The need to ‘decode’ our data reality | M&M Global

The need to ‘decode’ our data reality

There is a misalignment between agencies and advertisers when it comes to measuring success, argues Chris Le May, SVP and managing director for Europe and emerging markets at DataXu.

Chris Le May

As marketers continue inching further and further towards a cross-device, programmatic world, data has quickly become the currency of marketing.

In a digital world, where every transaction creates a new data point, our industry started to build an entire eco-system around an unprecedented amount of data. The result: we became so fixated on data, and so obsessed with the power and promise it offered, that we are now addicted to measuring absolutely everything.

It is perhaps time we admitted we have a data problem. Maybe we need to decode the reality of data differently.

As an industry we have not done ourselves any favours by compiling vast databases of information that sometimes never see the light of day. Add to all of this the marketers’ angst — the pressure to become a quant enthusiast, on top of making money for their brands.

Too much of a good thing?

With the ability we now have to gather, analyse, and act upon every data point across the customer lifecycle, there is a danger data could become too much of a good thing. Let’s face it: data available to many marketers is still fragmented; and the ever-changing nature of new tools and systems means brands (and agencies) cannot always keep up and might be lead astray when determining what’s driving conversions and revenue.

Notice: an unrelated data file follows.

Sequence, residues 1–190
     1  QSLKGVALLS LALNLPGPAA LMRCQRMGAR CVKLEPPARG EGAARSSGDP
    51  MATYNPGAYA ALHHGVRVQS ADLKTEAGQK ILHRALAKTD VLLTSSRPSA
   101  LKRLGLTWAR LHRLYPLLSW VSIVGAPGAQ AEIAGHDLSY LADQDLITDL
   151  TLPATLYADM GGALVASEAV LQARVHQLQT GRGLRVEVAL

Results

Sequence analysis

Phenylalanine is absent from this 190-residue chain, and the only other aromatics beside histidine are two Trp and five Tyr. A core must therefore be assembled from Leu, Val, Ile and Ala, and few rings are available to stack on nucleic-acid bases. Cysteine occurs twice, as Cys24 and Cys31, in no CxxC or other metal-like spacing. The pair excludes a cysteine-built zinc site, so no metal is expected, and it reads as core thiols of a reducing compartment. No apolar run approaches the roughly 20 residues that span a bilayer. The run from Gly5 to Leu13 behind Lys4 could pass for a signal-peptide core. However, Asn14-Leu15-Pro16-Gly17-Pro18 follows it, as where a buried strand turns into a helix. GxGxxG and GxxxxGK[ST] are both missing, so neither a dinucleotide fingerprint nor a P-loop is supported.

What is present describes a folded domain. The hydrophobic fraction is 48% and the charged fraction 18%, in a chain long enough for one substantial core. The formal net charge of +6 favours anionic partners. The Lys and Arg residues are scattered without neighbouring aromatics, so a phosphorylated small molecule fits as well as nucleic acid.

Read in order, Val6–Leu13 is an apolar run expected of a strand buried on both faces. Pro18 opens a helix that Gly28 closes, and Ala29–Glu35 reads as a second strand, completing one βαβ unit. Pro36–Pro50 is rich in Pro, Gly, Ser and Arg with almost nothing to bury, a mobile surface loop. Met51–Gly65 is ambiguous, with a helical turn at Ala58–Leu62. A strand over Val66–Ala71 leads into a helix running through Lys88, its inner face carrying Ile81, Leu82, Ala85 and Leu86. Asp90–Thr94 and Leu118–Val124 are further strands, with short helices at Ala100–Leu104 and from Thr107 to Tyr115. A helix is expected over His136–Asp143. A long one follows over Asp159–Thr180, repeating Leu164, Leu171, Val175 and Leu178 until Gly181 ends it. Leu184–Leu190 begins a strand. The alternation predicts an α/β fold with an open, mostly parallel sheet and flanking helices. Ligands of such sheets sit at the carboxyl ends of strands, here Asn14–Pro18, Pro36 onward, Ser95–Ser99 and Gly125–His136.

When digital first came along, people were wowed that they could measure every interaction with their ads. The pace of innovation and range of advertising technologies available in the market meant that we all talked in great detail about click-through rates (CTRs) or cost per actions (CPAs) — or, as I call them, ‘interim digital proxies’.

Although there is still value to these metrics, if I were a marketer I would be far more interested in seeing what effect my marketing investments have on the bottom line. It’s time to expand our perception of data.

“The reality is that whenever an agency in the automotive sector drives a brochure download it actually costs the client money to print and post it”

One issue we unfortunately often see is a misalignment between agencies and advertisers when it comes to measuring success.

To give an example, if a media agency were asked about the marketing objectives for an automotive client, the answer invariably would be focused around penetration rates into the core demographics, driving page lands, test drive bookings and online car configurations. Ask the same question to the client CMO, and the answer will be more straightforward: “I need to sell cars”.

In this scenario, the agency is measuring campaign success rather than aligning marketing investments to business KPIs. Misinformation is a dangerous thing, and correlation, as opposed to causation, is a very misleading thing indeed. Marketers should not assume that if someone takes the time to download a brochure, they are more likely to go on and buy that car.